MORE: U.S. impacts of climate change are intensifying, federal report says
Changes threaten the economy
Easterling summarized the report’s key points in a conference call with reporters, saying that sea-level rise increasingly threatens coastal regions and that extreme weather events are projected to bring “greater risks of infrastructure disruption and failure that can cascade across economic sectors.”
“Climate change presents growing challenges to the economy and our nation’s infrastructure, the natural environment and services ecosystems provide to society, and human health and quality of life,” Easterling said.
“The continued warming that is projected to occur without significant reductions in global greenhouse gas emissions is expected to cause substantial net damage to the U.S. economy, especially in the absence of increased adaptation efforts,” he said.
He said by the middle of the century “how much the climate changes will depend primarily on global emissions of greenhouse gases and on the response of the climate system to this human-induced warming.”
Easterling said global-scale reductions in greenhouse gas emissions would help reduce the risks of climate change, and that in the past several years a growing number of cities, states and businesses have taken initiatives to help. However, he said, “these efforts do not yet approach a scale needed to avoid substantial damages to the economy, the environment and human health expected over the coming decades.”
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Vulnerable will suffer the most
Climate scientist Katharine Hayhoe of Texas Tech University said on Twitter that when it comes to climate change, the most dangerous myth that some people have bought into is a sense that “it doesn’t matter to ME.”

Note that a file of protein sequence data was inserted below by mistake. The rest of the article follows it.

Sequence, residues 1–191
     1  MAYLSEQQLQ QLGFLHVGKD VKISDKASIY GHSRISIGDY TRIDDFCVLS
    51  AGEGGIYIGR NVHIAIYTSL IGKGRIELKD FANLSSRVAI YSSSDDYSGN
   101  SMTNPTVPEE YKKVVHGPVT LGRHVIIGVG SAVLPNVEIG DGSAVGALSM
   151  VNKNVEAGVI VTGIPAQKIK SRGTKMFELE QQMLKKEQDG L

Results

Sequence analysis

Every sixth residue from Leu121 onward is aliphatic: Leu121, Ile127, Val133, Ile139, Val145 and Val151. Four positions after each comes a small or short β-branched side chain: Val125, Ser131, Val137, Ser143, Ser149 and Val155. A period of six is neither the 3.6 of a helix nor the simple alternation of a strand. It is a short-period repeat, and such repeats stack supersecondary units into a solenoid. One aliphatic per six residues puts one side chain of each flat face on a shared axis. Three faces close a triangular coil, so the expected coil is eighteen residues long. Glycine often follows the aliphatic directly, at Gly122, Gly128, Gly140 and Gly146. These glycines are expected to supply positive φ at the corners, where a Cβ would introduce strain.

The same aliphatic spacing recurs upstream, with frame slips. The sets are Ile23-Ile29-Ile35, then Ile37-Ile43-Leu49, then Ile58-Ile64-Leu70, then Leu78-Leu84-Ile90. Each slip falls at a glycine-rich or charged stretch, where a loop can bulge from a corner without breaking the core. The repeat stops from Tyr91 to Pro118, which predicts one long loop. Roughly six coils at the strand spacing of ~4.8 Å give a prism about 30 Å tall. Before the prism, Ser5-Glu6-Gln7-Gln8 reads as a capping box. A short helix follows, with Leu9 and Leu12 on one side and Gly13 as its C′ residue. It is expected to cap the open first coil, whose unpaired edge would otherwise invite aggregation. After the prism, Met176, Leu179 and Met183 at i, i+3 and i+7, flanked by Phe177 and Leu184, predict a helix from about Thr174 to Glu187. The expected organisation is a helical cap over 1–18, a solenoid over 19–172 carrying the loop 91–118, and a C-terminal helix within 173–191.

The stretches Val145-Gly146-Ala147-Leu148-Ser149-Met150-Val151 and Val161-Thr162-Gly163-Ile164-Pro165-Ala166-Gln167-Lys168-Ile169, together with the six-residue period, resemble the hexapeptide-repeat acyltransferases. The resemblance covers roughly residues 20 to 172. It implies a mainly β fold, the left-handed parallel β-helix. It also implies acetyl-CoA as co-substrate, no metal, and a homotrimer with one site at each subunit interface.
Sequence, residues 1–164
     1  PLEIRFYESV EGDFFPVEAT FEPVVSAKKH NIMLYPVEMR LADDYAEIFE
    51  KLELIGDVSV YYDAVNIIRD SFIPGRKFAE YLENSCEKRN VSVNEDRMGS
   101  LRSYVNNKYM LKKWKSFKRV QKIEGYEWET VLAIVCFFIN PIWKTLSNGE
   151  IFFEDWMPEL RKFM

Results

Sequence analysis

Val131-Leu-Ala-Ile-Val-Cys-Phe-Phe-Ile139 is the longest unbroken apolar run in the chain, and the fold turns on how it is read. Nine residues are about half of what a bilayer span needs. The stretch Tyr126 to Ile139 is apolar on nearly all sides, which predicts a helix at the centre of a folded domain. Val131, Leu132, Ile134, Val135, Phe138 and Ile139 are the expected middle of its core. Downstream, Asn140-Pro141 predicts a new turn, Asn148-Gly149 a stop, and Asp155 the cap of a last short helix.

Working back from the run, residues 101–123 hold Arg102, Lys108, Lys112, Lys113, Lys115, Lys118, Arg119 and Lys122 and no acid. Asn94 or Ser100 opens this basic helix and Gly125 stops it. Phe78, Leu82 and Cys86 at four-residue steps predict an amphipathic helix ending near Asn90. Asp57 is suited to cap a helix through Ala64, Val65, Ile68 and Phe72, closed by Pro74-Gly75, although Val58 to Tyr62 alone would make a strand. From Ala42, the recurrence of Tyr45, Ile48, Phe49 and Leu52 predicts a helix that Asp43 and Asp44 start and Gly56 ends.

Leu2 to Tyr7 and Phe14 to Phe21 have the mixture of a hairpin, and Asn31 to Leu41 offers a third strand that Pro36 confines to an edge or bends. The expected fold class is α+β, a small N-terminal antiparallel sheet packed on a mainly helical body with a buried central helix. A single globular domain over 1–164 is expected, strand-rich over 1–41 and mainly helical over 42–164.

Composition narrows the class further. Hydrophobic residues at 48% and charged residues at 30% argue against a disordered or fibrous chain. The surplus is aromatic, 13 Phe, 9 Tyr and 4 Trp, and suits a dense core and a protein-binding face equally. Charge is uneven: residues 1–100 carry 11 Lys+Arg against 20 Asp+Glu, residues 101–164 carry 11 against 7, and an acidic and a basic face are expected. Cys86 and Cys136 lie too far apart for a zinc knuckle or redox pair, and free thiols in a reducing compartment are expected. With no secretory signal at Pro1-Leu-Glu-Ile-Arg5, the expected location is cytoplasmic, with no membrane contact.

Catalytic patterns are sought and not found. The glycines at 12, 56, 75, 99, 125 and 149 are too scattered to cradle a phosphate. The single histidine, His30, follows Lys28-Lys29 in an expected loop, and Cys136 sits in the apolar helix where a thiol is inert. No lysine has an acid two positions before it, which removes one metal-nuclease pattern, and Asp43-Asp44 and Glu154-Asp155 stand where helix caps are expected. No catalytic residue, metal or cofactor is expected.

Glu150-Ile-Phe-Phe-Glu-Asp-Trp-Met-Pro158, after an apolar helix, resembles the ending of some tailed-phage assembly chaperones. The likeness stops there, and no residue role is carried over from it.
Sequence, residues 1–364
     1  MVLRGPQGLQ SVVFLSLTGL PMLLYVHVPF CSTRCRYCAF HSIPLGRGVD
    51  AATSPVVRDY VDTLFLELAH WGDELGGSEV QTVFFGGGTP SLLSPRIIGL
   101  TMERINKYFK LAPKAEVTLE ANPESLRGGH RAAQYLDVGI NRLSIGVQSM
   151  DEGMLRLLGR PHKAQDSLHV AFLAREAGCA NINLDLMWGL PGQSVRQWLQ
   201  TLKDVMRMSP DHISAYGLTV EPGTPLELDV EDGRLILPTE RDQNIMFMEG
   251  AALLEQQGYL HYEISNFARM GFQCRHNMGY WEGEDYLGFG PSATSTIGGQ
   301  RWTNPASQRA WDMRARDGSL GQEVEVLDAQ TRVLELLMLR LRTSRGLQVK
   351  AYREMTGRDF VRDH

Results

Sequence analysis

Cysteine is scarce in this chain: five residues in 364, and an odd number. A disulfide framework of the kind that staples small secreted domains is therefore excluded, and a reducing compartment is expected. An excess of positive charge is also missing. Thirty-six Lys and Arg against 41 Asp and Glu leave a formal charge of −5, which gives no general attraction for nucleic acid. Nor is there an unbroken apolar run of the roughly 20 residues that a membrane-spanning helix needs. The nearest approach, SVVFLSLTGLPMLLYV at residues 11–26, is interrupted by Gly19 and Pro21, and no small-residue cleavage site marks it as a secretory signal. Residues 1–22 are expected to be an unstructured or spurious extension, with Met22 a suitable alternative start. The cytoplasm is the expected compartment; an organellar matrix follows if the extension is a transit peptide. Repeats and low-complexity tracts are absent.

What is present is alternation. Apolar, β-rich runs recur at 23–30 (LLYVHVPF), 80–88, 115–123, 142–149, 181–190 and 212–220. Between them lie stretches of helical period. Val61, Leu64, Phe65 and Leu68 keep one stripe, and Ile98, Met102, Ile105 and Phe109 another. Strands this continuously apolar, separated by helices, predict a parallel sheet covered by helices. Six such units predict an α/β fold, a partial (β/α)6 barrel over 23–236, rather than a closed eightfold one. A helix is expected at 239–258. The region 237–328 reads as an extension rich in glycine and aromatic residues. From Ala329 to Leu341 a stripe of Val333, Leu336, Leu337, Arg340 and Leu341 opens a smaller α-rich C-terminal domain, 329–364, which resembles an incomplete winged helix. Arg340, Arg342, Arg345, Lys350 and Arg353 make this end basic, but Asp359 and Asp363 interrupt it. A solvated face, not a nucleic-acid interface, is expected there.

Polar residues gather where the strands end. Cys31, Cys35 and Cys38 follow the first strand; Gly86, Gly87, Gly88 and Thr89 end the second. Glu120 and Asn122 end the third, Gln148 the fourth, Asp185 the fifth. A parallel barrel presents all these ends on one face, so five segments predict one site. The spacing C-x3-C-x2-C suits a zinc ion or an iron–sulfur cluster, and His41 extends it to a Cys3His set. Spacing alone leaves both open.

She said the report “tackles this myth head-on, showing how climate change is already affecting each one of us, whether we live in Texas or Minnesota or Hawai’i or Florida.”
“Those who are already vulnerable are those who will suffer the most,” Hayhoe wrote. “Cutting carbon emissions (e.g., through global actions such as the Paris Agreement) will substantially reduce these risks to people in the U.S. and around the world. The good news is that we’re actually moving in the right direction: but the bad news is, it’s not nearly fast enough.”
The authors wrote in the report that people who are already vulnerable, “including lower-income and other marginalized communities, have lower capacity to prepare for and cope with extreme weather and climate-related events.”
The researchers pointed to health threats posed by hotter temperatures, including worsening heat waves that have taken a deadly toll in Arizona and California in recent years.
MORE: Heat killed a record number of people in Phoenix
MORE:As wildfires worsen, impact on some groups will be 'strikingly unequal,' study says
They said climate change is projected to expose more Americans to ticks that carry Lyme disease, and to mosquitoes that transmit the West Nile, dengue and Zika viruses. They also said the warming “may weigh heavily on mental health in the general population and those already struggling with mental health disorders.”
As for water supplies, the authors said groundwater depletion is worsening drought risks in many parts of the United States, particularly in the Southwest and Southern Great Plains, and that the dwindling Colorado River — and the dropping levels of Lake Powell and Lake Mead — “increases the risk of water shortages across much of the Southwest.”
Less water, they said, could ultimately translate into a big hit for agriculture and the country’s food supply.
“Agricultural irrigation accounts for nearly three-quarters of water use in the Southwest region, which grows half of the fruits, vegetables, and nuts and most of the wine grapes, strawberries, and lettuce for the United States,” the report says. “Consequently, drought and competing water demands in this region pose a major risk for agriculture and food security in the country.”
Ian James writes about water, climate change and the environment for The Arizona Republic. Reach him at email@example.com, 602-444-8246 or on Twitter at @ByIanJames.
Environmental coverage on azcentral.com and in The Arizona Republic is supported by a grant from the Nina Mason Pulliam Charitable Trust. Follow The Republic environmental reporting team at environment.azcentral.com and at OurGrandAZ on Facebook, Twitter and Instagram.
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Published 5:10 PM EST Nov 26, 2018